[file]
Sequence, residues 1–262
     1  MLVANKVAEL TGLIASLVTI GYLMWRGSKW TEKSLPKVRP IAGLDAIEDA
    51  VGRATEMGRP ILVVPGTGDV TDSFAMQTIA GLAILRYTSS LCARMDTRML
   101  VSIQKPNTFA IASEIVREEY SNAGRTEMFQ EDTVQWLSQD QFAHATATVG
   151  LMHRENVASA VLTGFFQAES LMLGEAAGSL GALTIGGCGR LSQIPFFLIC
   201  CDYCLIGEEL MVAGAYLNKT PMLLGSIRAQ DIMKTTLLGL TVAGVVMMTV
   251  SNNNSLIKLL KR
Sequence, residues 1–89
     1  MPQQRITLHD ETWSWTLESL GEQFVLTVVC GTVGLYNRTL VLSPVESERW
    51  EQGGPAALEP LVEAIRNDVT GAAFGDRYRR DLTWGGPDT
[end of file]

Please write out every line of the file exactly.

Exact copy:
Sequence, residues 1–262
     1  MLVANKVAEL TGLIASLVTI GYLMWRGSKW TEKSLPKVRP IAGLDAIEDA
    51  VGRATEMGRP ILVVPGTGDV TDSFAMQTIA GLAILRYTSS LCARMDTRML
   101  VSIQKPNTFA IASEIVREEY SNAGRTEMFQ EDTVQWLSQD QFAHATATVG
   151  LMHRENVASA VLTGFFQAES LMLGEAAGSL GALTIGGCGR LSQIPFFLIC
   201  CDYCLIGEEL MVAGAYLNKT PMLLGSIRAQ DIMKTTLLGL TVAGVVMMTV
   251  SNNNSLIKLL KR
Sequence, residues 1–89
     1  MPQQRITLHD ETWSWTLESL GEQFVLTVVC GTVGLYNRTL VLSPVESERW
    51  EQGGPAALEP LVEAIRNDVT GAAFGDRYRR DLTWGGPDT